The couple leaned over the display case, looking at a variety of gold wedding bands. Hava tried on a yellow band, then a white one, comparing them both against her engagement ring.

"Hard decision," Hava said. "Hard."

"I want one like Daddy's," Paul said.

Their parents helping them, they decided on matching gold bands -- yellow for Paul, white for Hava.

Paul and Hava could live together after their wedding if they were to move in with their parents. The lawsuit says that the state made that recommendation, but neither set of parents believes that's a long-term solution. Paul and Hava moved to group homes, they said, because they needed a place to live that would last beyond the life span of their parents.

"If they came home and lived with us, and then something happened to the both of us and they both needed emergency placement . . . who's going to force them to house them together?" Roseann Forziano said. "They could very well be separated."

While the parents researched other agencies that would take married couples, they said they couldn't find any in the area with openings. But they believe all agencies should be required to house married couples.



All set for matrimony

Meanwhile, the families are preparing for Paul and Hava's wedding next Sunday.

"We're doing a leap of faith," Roseann Forziano said. "We're all not getting any younger."

Some unknowns lie ahead. While the couple has received sexuality education, none of the parents know whether their relationship will be a sexual one. Hava is on birth control pills for a medical issue, and the parents say Paul and Hava know having children isn't an option for them because of their disabilities.

"The sexual aspect of their marriage is their business," Frank Forziano said. "Maybe they won't have sex. Maybe they will."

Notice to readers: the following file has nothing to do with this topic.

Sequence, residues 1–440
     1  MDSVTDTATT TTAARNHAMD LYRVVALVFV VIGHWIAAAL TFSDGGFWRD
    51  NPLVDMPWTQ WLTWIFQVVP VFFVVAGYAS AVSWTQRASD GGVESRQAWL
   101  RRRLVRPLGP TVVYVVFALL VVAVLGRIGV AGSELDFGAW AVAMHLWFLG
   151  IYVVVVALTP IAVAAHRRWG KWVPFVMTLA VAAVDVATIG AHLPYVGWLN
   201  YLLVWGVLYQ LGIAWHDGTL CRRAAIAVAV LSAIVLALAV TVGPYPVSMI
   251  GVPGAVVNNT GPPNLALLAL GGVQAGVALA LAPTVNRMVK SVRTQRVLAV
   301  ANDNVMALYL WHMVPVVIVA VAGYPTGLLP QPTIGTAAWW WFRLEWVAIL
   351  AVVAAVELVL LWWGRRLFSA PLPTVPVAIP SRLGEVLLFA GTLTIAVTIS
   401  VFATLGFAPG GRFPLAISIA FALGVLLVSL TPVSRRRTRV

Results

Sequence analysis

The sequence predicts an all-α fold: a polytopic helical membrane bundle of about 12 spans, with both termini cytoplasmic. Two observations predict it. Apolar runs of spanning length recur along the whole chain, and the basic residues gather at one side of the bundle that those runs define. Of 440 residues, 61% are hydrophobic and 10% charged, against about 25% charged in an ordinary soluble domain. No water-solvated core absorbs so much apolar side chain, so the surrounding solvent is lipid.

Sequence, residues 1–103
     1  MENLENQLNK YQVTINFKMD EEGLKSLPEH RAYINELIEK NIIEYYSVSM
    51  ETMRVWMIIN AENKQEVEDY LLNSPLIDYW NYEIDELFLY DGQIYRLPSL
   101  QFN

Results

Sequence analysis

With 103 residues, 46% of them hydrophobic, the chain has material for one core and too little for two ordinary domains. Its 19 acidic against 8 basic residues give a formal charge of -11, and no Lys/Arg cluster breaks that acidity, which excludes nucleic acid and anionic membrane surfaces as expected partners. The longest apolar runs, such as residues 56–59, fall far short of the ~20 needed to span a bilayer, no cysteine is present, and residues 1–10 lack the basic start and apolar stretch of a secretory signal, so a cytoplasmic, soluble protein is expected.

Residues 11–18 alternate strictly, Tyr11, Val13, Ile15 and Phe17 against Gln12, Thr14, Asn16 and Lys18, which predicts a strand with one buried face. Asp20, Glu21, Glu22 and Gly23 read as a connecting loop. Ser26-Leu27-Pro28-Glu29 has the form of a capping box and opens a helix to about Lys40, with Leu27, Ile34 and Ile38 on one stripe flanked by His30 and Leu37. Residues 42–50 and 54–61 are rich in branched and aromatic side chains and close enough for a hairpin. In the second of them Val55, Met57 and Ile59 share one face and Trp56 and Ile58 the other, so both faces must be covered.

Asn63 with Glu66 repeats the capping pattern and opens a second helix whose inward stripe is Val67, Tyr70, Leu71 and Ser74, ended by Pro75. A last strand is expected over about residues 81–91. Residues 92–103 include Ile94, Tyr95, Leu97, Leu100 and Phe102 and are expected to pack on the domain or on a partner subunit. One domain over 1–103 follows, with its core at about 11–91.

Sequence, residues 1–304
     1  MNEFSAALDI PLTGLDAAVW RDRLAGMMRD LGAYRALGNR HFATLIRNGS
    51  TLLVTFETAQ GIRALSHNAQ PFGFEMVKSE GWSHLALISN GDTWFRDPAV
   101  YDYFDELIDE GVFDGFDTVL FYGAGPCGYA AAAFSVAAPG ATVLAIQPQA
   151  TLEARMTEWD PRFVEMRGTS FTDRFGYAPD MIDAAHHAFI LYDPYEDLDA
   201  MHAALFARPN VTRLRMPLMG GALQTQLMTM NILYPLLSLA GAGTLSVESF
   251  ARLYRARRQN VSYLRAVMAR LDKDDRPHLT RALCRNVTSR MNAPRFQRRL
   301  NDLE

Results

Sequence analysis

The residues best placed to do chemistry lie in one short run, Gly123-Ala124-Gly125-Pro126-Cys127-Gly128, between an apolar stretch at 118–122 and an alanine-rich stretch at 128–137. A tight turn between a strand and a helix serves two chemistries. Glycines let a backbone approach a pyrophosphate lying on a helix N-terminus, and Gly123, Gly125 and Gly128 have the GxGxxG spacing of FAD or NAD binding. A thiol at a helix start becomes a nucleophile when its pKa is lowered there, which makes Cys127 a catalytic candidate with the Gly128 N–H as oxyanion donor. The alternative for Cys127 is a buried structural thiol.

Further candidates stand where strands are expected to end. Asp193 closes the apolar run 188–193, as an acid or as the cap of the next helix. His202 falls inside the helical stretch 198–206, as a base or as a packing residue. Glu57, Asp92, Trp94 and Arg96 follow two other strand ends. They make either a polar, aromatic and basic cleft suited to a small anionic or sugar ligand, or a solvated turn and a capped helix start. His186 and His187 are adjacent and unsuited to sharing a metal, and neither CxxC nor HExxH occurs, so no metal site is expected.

The parents have said they're preparing Paul and Hava for the fact that, after their honeymoon, they'll be returned to their respective group homes.

"It's going to be the saddest moment when we take them back," Norm Samuels said.

A week after Valentine's Day, the two families gathered at Brookhaven Town Hall to apply for Paul and Hava's marriage license.

"I feel nervous," Roseann Forziano said. She carried a sheaf of paperwork, including the papers that indicated she and her husband gave up their rights as guardians over Paul in regard to marriage.

Paul was excited.

"I want to get married just like you and Daddy got married and just like Bonnie and Norm got married and just like my grandparents got married," he said.

Finally, it was time to go in. Paul and Hava sat down, clutching each other's hands, as senior clerk Mary Dugan typed the license.

"I'm happy," Hava said.

"Me too, honey. I'm happy," Paul replied. "I'm so excited, honey. Our marriage license."

When Dugan returned with the license, the two mothers went over it for mistakes, then watched as Paul wrote his name on the signature line. When it was Hava's turn, her mother coached her through each letter.

"You know how to make an 'A,' " Samuels said.

Back at the Forzianos' house, Frank Forziano popped open a bottle of sparkling wine.

"To Paul and Hava on this wonderful, groundbreaking day -- the day of their getting their marriage license," he said. "Now we're legal, and we're ready to go."

Posted 3/31/13 8:50 AM
 
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PrincessP
Big sister!!!!!!!!!!

Member since 12/05

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Re: LI Disabled Couple Forced to Live Apart